An athlete who suffered a severe asthma attack on the eve of the Special Olympics World Games has thanked doctors in Abu Dhabi for coming to her aid.
Shanice Baptiste was one of more than 250 athletes who required medical treatment - with 22 admitted to hospital - during the Special Olympics World Games in Abu Dhabi.
The Department of Health said it "took responsibility" to provide care for athletes who were found to be suffering from illnesses during the Games, providing them with "full medical coverage".
More than 7,500 athletes of various intellectual disabilities from 192 countries took part in the event from March 14 to 21.
Baptiste suffered the heartbreak of missing out on representing Trinidad and Tobago in the Games after falling ill when the inhalers she traveled with failed to work.
But the 22-year-old is now full of cheer thanks to the support of the dedicated medical team who treated her at Sheikh Khalifa Medical City for more than a week.
“The UAE government is fully responsible for the health and safety of the athletes during the Games,” said Mattar Al Nuami, director of emergency and disaster management at the Department of Health and chair of the Special Olympics medical committee.
“However, the UAE took the responsibility of treating a number of athletes who discovered had pre-game illnesses and provided them with full medical coverage in the UAE.
“In the history of the Special Olympics, it is not customary for the host country to care for the athletes even after the games but the UAE’s leadership remains committed to supporting all the athletes regardless of the games.
“All the costs and medical needs of Shanice will continue to be covered until after she arrives home safely.
“I’d like to thank SKMC medical staff for taking care of Shanice and all of the athletes.”
As part of efforts to provide medical support during the Games, about 300 athletes were also fitted with hearing aids after thousands were screened in the Healthy Athletes programme, which provided free diagnosis and treatment.
Baptiste has made a strong enough recovery that she well finally get to fly home on Monday, more than a week after the Games came to an end.
Her family are anxiously waiting for her return and while Baptiste, who has learning and hearing difficulties, is excited about going home, health officials are taking every precaution before putting her on a flight.
An ambulance will be waiting for her on arrival at London’s Heathrow Airport from Abu Dhabi, to transport her to Gatwick Airport for the last leg of a gruelling journey.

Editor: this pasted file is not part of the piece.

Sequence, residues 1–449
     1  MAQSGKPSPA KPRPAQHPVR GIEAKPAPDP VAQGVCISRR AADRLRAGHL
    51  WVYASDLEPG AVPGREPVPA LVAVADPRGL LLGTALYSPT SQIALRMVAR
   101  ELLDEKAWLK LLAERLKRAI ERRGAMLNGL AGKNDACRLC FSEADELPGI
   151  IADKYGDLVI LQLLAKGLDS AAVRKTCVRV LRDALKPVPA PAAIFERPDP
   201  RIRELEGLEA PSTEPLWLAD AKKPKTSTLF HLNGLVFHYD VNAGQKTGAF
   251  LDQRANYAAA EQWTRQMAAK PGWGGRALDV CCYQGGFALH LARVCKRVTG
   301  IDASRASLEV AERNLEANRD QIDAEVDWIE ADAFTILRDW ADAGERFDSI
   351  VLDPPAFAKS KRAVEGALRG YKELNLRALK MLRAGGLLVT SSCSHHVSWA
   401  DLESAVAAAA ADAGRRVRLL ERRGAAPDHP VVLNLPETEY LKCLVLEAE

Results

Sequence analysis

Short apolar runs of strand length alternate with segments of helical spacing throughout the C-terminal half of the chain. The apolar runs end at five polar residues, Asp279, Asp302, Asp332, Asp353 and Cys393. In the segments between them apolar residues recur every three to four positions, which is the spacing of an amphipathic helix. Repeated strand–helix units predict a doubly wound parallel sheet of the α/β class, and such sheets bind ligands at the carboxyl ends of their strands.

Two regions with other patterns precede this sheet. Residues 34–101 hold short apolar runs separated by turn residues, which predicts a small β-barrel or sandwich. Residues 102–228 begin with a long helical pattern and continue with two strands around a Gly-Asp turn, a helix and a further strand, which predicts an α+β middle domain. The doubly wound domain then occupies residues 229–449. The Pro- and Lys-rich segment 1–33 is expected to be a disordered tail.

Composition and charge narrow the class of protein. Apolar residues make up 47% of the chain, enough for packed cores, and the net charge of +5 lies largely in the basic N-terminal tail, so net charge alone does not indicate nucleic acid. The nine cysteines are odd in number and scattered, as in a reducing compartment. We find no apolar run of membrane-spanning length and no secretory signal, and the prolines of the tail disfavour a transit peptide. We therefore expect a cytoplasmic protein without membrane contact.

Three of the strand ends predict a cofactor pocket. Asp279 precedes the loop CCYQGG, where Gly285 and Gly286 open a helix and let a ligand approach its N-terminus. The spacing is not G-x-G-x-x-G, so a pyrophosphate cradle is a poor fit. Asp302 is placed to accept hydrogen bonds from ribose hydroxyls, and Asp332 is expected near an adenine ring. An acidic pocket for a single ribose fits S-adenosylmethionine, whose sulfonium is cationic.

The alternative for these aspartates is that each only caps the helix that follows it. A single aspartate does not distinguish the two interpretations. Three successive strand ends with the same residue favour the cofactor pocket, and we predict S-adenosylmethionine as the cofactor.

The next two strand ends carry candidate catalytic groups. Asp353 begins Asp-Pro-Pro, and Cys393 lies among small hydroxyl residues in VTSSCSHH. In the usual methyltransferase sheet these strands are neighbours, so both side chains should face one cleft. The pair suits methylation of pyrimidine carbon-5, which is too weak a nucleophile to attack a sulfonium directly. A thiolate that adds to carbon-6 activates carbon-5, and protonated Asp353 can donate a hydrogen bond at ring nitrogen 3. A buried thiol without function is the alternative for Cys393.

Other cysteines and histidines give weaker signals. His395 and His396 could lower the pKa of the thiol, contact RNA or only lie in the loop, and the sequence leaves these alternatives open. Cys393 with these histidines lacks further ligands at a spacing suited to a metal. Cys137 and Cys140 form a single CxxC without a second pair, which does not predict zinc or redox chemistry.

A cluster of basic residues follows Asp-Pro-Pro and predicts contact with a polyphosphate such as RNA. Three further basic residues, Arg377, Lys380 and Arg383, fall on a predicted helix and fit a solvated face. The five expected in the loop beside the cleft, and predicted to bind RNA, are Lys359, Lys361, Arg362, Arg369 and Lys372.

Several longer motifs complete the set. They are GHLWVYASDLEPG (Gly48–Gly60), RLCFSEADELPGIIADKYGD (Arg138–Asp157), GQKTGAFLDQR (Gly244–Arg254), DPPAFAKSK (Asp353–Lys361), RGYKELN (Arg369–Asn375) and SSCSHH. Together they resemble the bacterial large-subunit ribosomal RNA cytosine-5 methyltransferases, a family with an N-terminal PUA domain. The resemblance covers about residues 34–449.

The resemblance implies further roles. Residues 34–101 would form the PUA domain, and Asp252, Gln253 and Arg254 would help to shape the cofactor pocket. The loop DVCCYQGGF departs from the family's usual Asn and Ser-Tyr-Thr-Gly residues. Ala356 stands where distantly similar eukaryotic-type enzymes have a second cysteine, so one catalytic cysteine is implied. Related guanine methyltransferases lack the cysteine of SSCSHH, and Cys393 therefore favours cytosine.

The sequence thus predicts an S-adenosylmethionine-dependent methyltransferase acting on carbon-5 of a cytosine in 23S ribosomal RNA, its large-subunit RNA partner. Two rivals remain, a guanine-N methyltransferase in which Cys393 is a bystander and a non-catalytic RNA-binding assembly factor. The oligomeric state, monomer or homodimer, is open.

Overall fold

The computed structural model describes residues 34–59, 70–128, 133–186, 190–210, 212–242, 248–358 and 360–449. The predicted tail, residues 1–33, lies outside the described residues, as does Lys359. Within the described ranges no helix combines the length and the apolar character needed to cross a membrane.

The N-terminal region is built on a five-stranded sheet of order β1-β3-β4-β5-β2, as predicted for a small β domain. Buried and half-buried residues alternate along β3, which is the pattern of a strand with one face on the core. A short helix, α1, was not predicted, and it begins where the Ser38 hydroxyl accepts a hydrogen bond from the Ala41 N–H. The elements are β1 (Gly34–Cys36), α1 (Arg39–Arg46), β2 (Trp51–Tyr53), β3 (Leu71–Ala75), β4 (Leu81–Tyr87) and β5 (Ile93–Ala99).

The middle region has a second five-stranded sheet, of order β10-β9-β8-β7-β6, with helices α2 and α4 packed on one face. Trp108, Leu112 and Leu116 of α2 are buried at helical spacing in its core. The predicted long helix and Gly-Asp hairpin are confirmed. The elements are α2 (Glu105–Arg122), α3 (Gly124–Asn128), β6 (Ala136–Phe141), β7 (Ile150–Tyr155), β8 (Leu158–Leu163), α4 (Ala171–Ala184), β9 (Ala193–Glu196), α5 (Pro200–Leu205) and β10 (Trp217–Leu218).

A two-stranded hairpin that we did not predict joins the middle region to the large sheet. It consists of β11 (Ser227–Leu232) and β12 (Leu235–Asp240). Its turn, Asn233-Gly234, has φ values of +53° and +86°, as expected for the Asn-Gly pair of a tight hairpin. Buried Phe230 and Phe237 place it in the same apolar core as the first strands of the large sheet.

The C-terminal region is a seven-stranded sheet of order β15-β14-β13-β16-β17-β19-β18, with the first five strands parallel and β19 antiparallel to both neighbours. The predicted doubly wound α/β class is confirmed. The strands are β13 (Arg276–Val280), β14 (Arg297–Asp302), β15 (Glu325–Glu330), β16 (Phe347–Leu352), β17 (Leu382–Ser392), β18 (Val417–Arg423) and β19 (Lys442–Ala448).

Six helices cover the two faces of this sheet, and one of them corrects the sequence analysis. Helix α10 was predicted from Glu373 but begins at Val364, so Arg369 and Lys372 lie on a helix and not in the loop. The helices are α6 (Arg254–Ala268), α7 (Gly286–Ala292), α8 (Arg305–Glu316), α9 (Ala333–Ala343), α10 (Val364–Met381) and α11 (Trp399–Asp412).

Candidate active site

Doctors at SKMC said that after intensive treatment at the hospital, she will be able to go on a flight but will require an oxygen tank for the long trip.
The athlete fell ill a day before the world games and according to medical professionals had difficulty taking a breath and had violent coughing bouts.
She was immediately transported by an ambulance to the capital’s main hospital.
Baptiste, a food and nutrition students, was due to take part in the bocce competition, a sport similar to bowls, in Abu Dhabi.
Lying in her hospital bed next to her coach Clevanic Williams-Cupid, who has also been a pillar of support during a trying time, Baptiste broke into a wide smile as soon as her doctor walked into the room.
She said she is determined to “thank all the doctors and nurses” who have cared for her during her stay.
“They are so nice,” she said. “I’d like to go to all of them and thank them before I leave.”
“When Shanice came to me she was wheezing and couldn’t take a breath,” said consultant internal physician Dr Waqar Gaba.
“She had asthma since birth and had come with inhalers but they didn’t work,” he said.
She was given a course of antibiotics and nebulisers
“We have treated the main problem and she is ready to go home.”
In her short time at the hospital, Baptiste made friends not only with the staff but other patients as well.
Jumana Ali, 55, from Palestine is receiving treatment at the same hospital for a middle ear infection. Her daughter Reem Diyab,18 is staying with her.
A long time UAE resident, she enjoyed getting to know the visiting athlete.
“I wanted her to more about the UAE's traditions and culture and not be scared so we spent the night chatting and laughing,” she said with a smile.
The trip to the UAE was Baptiste's first time outside her home country.
The medical care she received is "like nothing back home," she said.
"It is all high standard. I miss my family and can't wait to get home but I am glad I'm getting treated and taken care of by the doctors and nurses."